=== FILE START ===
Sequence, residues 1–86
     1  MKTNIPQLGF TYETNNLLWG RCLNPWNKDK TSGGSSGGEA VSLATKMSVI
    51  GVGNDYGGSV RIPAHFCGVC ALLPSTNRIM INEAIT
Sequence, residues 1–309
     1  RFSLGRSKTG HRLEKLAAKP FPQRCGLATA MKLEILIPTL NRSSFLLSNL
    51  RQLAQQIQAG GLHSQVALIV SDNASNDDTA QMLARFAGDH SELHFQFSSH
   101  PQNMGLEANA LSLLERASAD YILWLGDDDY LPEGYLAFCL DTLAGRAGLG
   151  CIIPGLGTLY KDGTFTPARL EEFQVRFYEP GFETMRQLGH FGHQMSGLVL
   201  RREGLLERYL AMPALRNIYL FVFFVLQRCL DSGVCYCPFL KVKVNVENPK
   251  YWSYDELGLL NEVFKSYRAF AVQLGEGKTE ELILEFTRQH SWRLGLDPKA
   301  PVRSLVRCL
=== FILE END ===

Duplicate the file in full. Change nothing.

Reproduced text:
Sequence, residues 1–86
     1  MKTNIPQLGF TYETNNLLWG RCLNPWNKDK TSGGSSGGEA VSLATKMSVI
    51  GVGNDYGGSV RIPAHFCGVC ALLPSTNRIM INEAIT
Sequence, residues 1–309
     1  RFSLGRSKTG HRLEKLAAKP FPQRCGLATA MKLEILIPTL NRSSFLLSNL
    51  RQLAQQIQAG GLHSQVALIV SDNASNDDTA QMLARFAGDH SELHFQFSSH
   101  PQNMGLEANA LSLLERASAD YILWLGDDDY LPEGYLAFCL DTLAGRAGLG
   151  CIIPGLGTLY KDGTFTPARL EEFQVRFYEP GFETMRQLGH FGHQMSGLVL
   201  RREGLLERYL AMPALRNIYL FVFFVLQRCL DSGVCYCPFL KVKVNVENPK
   251  YWSYDELGLL NEVFKSYRAF AVQLGEGKTE ELILEFTRQH SWRLGLDPKA
   301  PVRSLVRCL